Victoria “Cooky” Donaldson, who lives in downtown Palm Beach and has described herself as neutral about the demolition, said opinions on the project are mixed: “Some think what’s happening will be better , others are furious.”

Google Maps screenshot from May 2015

Google Maps

When the plans were first announced, she said, detractors reacted with “shock” to the extravagance of a nine-figure takedown. “The escalation of grandiosity, that takes it to a whole other plane.”

A Palm Beach official told The Daily Beast that the new owners have yet to submit a proposal for what they want to build after the demolition. One of Lauder’s attorneys, meanwhile, declined to comment.

Even before the recent controversy, tensions in Palm Beach had been simmering for many months: between well-to-do snowbirds and year-round residents, and between property owners (whose identities are often hidden behind corporate entities) and landlords. more modest.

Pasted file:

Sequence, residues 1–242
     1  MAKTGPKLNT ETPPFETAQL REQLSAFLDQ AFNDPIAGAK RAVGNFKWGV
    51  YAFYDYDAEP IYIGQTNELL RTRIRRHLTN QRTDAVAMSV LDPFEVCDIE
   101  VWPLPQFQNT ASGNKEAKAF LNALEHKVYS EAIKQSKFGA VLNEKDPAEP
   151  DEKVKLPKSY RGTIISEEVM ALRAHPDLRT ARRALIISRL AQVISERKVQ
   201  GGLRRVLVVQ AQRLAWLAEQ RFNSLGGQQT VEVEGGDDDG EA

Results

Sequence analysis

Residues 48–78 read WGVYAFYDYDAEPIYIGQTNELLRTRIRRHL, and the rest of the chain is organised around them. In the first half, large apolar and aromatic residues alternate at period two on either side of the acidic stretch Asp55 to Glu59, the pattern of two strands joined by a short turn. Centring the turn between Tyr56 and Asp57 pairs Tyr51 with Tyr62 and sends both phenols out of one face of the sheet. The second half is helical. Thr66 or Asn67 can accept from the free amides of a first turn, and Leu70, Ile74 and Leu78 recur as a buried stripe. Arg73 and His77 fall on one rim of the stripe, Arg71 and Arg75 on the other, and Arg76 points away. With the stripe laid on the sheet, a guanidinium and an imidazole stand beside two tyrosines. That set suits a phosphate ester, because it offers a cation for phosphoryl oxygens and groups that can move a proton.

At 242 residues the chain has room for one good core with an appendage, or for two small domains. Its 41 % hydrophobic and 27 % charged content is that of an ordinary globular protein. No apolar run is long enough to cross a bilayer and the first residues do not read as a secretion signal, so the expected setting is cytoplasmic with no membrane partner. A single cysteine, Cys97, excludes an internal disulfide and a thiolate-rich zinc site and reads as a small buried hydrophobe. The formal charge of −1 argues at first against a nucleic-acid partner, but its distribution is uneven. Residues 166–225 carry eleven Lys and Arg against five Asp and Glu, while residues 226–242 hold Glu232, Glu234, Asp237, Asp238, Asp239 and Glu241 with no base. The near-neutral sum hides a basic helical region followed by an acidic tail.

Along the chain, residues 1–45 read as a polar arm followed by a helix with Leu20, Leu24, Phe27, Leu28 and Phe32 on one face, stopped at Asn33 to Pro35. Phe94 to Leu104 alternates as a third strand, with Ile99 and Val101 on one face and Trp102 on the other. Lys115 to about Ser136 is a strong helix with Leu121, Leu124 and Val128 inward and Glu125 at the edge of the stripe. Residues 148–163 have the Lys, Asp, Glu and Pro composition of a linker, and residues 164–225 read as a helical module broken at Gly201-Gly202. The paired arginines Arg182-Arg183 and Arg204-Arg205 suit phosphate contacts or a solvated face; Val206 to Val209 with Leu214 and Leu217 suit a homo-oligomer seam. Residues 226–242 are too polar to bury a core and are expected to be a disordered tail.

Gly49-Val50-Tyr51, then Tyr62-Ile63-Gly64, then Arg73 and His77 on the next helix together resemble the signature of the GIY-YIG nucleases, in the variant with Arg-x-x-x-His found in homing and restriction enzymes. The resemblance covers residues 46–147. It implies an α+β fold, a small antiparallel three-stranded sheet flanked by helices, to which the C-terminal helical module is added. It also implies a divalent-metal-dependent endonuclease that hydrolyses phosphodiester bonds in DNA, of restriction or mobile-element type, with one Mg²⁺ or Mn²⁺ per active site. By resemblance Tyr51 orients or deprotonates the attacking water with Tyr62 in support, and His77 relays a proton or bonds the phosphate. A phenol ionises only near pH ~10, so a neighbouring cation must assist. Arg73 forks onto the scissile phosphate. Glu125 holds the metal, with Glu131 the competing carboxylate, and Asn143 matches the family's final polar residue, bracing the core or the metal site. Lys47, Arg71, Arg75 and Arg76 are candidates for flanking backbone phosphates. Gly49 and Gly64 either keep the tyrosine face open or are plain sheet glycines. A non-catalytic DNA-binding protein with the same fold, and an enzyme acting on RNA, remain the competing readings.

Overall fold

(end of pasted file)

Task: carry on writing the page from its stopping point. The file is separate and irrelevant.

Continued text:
Newly built homes are built higher than many existing properties due to federal regulations. As a result, during intense storms, water from modern mansions spills directly onto neighbors’ lots, several residents said.

According to Catlin, construction trucks have also repeatedly damaged cars and property, and crews have been known to work earlier or later than regulations allow and to sneak in on weekends.

In addition, there are fears that the Lauder project could exacerbate traffic problems, which can already stretch for miles. “There are only two roads,” Donaldson said. During Donald Trump’s presidency – when tours of his Palm Beach Mar-a-Lago resort brought traffic to a standstill – three homes were being built near it. “I couldn’t get out of my driveway for four years,” she says.

Adding to the frustration: The house that will soon be demolished had been at least partially under construction for years. “They keep renovating and renovating it,” Catlin said. Now, with a rebuild, some people are upset that they have “X number more years to review and deal with this”.